I also monitor crop development using charts and compare the field conditions on different dates. The Growing Degree-Days chart really helps me to monitor crop development. (To build a chart in the OneSoil web app, go to the 'Weather' tab and select the field you want to build a chart for — OneSoil). It especially comes in handy for us in the winter.

This month, we applied fungicides according to NDVI zones. In July, some crops got damaged by frost and we did variable-rate application. We didn't apply the product to the damaged crops because they didn't need it.
To build the map, I used the nitrogen fertilizer calculator in the OneSoil web app (The OneSoil web app lets you create a prescription map based on NDVI zones — OneSoil). Applying fungicides according to NDVI zones is a thinking-outside-the-box solution, but it worked out just fine for us. We apply an application rate of 109 liters for fungicides, so I entered the following rates for each zone: 109, 109, and 0. After that, I downloaded the prescription map and uploaded it to the equipment.
Rodrigo applied fungicides only to healthy crops because the damaged crops no longer needed them.
This is the NDVI image Rodrigo used to build management zones for variable-rate application.
Just last week, I also used NDVI zones to build a map for nitrogen application.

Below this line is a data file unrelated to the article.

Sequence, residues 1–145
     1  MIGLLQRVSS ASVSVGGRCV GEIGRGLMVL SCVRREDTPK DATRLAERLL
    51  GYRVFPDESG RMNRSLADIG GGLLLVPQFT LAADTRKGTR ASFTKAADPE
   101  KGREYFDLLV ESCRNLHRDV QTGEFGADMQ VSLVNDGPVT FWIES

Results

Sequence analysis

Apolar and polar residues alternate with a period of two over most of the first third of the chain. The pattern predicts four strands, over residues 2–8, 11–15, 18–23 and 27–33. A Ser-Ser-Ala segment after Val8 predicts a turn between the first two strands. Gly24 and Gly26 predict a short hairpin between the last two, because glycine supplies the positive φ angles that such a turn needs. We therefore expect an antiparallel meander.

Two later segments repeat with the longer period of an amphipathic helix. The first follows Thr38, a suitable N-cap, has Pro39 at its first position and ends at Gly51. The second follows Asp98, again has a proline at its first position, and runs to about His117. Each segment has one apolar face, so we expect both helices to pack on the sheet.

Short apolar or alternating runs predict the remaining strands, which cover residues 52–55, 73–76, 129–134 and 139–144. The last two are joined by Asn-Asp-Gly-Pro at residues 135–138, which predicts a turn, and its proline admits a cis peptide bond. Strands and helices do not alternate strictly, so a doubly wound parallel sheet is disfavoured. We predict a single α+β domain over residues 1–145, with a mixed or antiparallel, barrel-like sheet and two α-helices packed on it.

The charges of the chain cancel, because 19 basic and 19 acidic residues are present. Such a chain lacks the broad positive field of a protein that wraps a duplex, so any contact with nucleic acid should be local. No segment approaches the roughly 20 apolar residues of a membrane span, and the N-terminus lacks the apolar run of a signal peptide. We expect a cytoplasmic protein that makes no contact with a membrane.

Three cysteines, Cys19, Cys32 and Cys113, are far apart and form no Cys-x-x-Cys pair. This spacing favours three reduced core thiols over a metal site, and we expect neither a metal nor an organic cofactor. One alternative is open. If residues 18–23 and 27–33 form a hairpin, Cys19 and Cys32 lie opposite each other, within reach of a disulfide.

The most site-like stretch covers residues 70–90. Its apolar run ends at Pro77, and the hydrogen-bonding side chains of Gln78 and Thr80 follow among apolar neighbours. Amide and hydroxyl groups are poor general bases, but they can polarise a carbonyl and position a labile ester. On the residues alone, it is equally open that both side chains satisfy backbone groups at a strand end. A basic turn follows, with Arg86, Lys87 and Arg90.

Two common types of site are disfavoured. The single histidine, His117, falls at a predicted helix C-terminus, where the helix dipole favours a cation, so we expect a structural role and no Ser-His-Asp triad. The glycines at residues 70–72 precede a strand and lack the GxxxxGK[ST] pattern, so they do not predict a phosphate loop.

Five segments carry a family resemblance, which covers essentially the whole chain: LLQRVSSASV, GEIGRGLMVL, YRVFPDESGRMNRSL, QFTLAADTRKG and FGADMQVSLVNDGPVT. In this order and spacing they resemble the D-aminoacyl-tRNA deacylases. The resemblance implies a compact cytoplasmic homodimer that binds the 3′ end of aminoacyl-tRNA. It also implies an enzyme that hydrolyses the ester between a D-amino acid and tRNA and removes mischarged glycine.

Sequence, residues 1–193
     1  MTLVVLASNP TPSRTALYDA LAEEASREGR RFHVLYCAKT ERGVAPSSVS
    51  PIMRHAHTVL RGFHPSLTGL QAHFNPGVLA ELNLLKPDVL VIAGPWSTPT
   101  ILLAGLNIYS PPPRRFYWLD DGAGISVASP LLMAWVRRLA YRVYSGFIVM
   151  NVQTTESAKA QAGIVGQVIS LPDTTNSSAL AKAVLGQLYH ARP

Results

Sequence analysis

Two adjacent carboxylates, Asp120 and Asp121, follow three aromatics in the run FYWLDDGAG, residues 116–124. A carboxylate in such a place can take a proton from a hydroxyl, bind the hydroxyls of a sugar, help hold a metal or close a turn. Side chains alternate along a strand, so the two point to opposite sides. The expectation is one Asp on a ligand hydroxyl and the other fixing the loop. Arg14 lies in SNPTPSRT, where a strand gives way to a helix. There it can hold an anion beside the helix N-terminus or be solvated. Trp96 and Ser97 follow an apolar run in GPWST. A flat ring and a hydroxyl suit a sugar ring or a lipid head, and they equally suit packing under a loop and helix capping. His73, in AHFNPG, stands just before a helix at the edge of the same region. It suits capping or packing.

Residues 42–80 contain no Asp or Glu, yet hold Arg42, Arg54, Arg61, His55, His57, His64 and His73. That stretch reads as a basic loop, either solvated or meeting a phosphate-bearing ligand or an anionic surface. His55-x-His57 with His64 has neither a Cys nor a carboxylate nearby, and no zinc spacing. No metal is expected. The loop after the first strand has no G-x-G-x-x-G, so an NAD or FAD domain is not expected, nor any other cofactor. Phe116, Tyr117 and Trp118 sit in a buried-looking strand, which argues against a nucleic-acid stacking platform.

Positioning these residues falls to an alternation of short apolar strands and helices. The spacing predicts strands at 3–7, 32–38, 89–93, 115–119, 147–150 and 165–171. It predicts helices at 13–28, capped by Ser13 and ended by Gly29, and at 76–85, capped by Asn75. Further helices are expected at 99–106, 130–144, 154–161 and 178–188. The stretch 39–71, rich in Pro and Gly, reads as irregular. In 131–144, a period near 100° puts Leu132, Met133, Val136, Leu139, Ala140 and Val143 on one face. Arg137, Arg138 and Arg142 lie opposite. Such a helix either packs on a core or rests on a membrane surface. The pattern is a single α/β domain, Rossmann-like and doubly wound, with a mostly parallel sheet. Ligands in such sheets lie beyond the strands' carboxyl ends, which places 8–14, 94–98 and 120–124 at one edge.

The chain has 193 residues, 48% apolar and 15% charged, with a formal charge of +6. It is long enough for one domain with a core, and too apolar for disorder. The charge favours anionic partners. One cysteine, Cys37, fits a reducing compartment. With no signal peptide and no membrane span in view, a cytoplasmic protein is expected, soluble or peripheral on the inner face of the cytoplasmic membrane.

On top of that, we do various experiments at our farm. We test fungicides, insecticides, different plant varieties on small plots. Last year, we did one with OneSoil to test variable-rate application in a barley field. The results turned out to be pretty interesting.
— Rodrigo, in your opinion, what problems does precision farming face in Brazil?

Right now, only a small percentage of Brazilian farmers can afford precision farming ('Precision farming' here means the variable-rate application of seeds, fertilizers, and chemicals in various parts of a field — OneSoil). Sure, medium and even small farmers can use multiple precision farming apps, but what are they going to do with the data? To make use of it, a farmer needs special-purpose machinery, which is expensive.

At AgriCrop, for example, it was only three years ago that we started using equipment that lets us do variable-rate application. In the United States, even a small farmer can apply such technologies. I think Brazil will move towards that in about ten years.

Interview conducted by Nadia Borontsova
Edited by Veronika Chizh
Build a prescription map for nitrogen fertilizer application!